It appears to me that this *might* be related. However, while I'm familiar with the process of software development, regression testing, patching, etc., I don't know much about Firefox internals, so I could be badly mistaken. (Also the person reporting this bug indicates that it happens on Linux, whereas the problem I'm looking at doesn't happen on Linux. So perhaps this is no more than tangentially related, at best.)

A.I.4: I only have limited access to this MacOS system: it's not mine, and it's in heavy use. Also the user is not happy that I broke their browser in the process of doing an upgrade. ;) So while I can keep doing tests/experiments, I'm reluctant to do anything that risks making it worse.

Thanks again. I appreciate the help, and while I'll be chagrined if this turns out to be pilot error on my part, I'll be happy to have the problem solved.

Helpful?

more options

https://support.mozilla.org/en-US/kb/diagnose-firefox-issues-using-troubleshoot-mode

Safe Mode is a troubleshooting mode that temporarily turns off hardware acceleration, resets some settings, and disables add-ons (extensions and themes), any userChrome.css/userContent.css files, and some other advanced features to help you assess whether these are causing the problem. If the problem goes away, that tells us one thing. If it does not, that tells us something else.

Helpful?

more options

Thanks for responding. I (somewhat) know what safe mode does -- in the general sense -- and I have that page bookmarked. What I'm looking for, and haven't found yet, is a (1) detailed (2) exhaustive (3) annotated (4) up-to-date list of precisely which actions it performs along with the detailed rationale for each one of those actions.

Let me expand on that. On the page you referenced, the section "More Information (Advanced Users)" includes a link which goes here:

http://kb.mozillazine.org/Safe_Mode

and that provides some additional information, including details on how to start Firefox in safe mode on various platforms. However, there's no indication that the list provided is exhaustive and current. (That page hasn't been updated since September 2016.) There is no rationale provided for why these specific changes are made or what observable events they may impact.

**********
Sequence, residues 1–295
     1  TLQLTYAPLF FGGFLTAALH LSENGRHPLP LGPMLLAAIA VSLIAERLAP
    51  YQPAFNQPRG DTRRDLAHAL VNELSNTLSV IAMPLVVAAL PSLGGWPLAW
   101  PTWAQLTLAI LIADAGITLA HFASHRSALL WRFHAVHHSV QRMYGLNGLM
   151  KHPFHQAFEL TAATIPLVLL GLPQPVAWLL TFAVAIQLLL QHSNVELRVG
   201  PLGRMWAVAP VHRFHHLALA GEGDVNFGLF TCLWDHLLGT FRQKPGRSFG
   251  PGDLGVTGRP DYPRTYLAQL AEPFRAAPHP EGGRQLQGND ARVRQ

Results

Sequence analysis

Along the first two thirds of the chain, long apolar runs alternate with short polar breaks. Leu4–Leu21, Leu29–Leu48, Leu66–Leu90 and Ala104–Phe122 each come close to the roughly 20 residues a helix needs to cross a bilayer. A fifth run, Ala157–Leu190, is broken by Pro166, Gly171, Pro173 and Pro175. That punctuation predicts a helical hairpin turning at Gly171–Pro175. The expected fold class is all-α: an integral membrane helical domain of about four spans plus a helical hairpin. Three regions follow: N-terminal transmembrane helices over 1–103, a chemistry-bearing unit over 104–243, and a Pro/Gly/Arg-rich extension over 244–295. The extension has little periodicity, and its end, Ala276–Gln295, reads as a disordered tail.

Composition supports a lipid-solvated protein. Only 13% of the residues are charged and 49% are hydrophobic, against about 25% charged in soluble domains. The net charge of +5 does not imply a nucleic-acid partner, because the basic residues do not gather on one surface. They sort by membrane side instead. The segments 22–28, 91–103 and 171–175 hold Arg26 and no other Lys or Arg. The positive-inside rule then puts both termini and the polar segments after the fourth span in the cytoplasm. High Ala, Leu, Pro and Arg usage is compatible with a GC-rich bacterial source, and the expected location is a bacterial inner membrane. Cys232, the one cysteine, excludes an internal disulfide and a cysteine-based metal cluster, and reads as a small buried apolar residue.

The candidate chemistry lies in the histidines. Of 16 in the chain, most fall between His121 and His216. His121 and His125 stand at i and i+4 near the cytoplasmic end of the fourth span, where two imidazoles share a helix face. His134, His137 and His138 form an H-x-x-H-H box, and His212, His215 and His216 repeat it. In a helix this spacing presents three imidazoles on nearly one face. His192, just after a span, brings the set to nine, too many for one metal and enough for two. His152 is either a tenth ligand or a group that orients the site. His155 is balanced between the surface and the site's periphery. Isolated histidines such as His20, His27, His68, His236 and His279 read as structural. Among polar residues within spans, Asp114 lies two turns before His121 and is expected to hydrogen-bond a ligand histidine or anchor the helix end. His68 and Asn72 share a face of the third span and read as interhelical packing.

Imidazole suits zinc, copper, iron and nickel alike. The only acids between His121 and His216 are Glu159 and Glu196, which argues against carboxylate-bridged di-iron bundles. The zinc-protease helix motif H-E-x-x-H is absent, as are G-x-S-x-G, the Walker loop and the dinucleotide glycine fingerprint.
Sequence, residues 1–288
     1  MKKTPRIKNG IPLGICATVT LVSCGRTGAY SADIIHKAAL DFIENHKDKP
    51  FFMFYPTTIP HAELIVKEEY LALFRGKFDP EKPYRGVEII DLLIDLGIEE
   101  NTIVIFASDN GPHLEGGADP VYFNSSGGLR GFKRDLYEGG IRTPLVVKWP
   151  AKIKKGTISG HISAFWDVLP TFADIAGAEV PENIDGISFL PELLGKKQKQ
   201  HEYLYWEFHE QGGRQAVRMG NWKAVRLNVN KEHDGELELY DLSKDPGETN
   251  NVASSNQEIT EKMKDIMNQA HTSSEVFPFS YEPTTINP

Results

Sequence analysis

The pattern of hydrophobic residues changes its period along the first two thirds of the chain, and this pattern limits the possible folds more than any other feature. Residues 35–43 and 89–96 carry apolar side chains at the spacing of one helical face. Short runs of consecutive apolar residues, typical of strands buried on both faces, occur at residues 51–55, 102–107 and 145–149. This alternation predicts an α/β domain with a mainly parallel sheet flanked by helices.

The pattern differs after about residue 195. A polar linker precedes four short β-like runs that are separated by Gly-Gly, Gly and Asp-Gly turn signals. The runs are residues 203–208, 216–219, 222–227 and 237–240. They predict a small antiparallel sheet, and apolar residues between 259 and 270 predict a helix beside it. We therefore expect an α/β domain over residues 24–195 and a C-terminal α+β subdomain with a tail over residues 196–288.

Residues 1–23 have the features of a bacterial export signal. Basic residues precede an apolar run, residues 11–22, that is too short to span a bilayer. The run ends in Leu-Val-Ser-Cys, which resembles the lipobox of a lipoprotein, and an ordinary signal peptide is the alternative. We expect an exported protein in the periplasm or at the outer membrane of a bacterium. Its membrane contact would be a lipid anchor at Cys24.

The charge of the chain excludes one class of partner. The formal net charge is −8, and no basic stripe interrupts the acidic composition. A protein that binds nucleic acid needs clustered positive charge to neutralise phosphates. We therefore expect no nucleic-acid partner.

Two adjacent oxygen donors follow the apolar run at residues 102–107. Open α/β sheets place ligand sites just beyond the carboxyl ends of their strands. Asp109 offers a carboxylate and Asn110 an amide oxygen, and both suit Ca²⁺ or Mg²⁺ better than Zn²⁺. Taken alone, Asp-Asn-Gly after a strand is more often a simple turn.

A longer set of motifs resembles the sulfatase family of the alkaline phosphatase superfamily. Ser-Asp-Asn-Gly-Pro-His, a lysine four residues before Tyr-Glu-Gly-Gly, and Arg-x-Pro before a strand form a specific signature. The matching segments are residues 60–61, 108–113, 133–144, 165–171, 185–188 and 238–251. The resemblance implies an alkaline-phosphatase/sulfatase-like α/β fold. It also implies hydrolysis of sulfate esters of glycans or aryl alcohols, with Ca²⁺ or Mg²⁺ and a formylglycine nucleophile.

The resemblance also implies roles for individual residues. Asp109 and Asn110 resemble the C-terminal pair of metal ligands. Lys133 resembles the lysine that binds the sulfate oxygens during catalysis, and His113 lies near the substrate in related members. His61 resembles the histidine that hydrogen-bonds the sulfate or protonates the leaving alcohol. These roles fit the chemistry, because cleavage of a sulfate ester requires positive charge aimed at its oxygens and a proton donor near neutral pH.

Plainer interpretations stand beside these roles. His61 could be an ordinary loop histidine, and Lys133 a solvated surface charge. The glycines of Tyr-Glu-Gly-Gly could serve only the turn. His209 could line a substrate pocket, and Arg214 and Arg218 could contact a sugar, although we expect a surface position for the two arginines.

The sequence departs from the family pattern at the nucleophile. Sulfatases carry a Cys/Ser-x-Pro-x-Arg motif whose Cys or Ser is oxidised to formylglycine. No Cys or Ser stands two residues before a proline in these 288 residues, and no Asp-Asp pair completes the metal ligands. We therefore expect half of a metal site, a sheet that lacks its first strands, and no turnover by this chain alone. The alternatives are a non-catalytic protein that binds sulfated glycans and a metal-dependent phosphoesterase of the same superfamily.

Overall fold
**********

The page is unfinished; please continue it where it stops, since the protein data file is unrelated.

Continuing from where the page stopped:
For instance, the first part of the page lists (among the things that happen in safe mode) that "The Just-in-time (JIT) JavaScript compiler is disabled".

So at some point in time, someone(s) working on Firefox thought that the debugging process would be assisted by disabling the JIT JavaScript compiler. Fair enough, but what are the reasons for making that assessment, and what changes should a person engaged in debugging expect to see (or not see) as a result of that action?

To put it another way: how would I know, if a problem went away in safe mode, that it was the disabling of JavaScript JIT compilation that was responsible for that and not one of the other safe mode changes? (I can guess that it'll have something to do with JavaScript, but that's not much to go on.)

Same for all of the other changes. (Of course, in the case of extensions, it's not difficult to infer that the rationale is to avoid attempts to debug Firefox problems that aren't really Firefox problems, but extension problems. That at least seems obvious.)

This is what I'm looking for: precise, specific details on each one of the safe mode changes that articulate WHY they're safe mode changes, what impact they (might) have, and how someone trying to debug a problem can discern which of these changes might account for what they're observing.

Not that it seems to matter this time around: there's no change in this problem when switching to/from safe mode. But I'd like to learn for the next time, when it might matter.

Helpful?

more options

mramine2016 said

. . . if a problem went away in safe . . .

If the problem is gone, then we know it was something about the browser causing the issue. It could be the settings, an add-on, or something else. We start with one and go on from there.

Helpful?

more options

I understand that. I've been debugging software for a very, very long time, including things like large applications and operating systems. So I get the process of trying to rule in/rule out various factors, narrow things down, and so on.

What I'm looking for -- and what doesn't seem to exist -- is a definitive, exhaustive, updated guide to the exact internal mechanisms in Firefox that are involved in safe mode/regular mode and why they're involved. Armed with that, I might have a fighting chance of isolating this problem, or any other ones I come across, down to a subsystem. Without it, I'm pretty much flying blind because I don't happen to know much about Firefox's internal architecture.

I'm going to see if I can't persuade one of the developers to invest a day in writing this missing documentation. Doubly so because in the interim I've had a conversation with someone else who's looking for the same thing and is willing to provide beers in exchange for a precise rundown on EXACTLY what safe mode does/does not do and WHY. ;)

Helpful?

more options

mramine2016 said

Hello! Can you try making a new profile and see if it still happens there? Profile Manager - Create, remove or switch Firefox profiles

Helpful?

Vra 'n vraag

Jy moet by jou rekening aanmeld om op plasings te antwoord. Begin asseblief 'n nuwe vraag as jy nog nie 'n rekening het nie.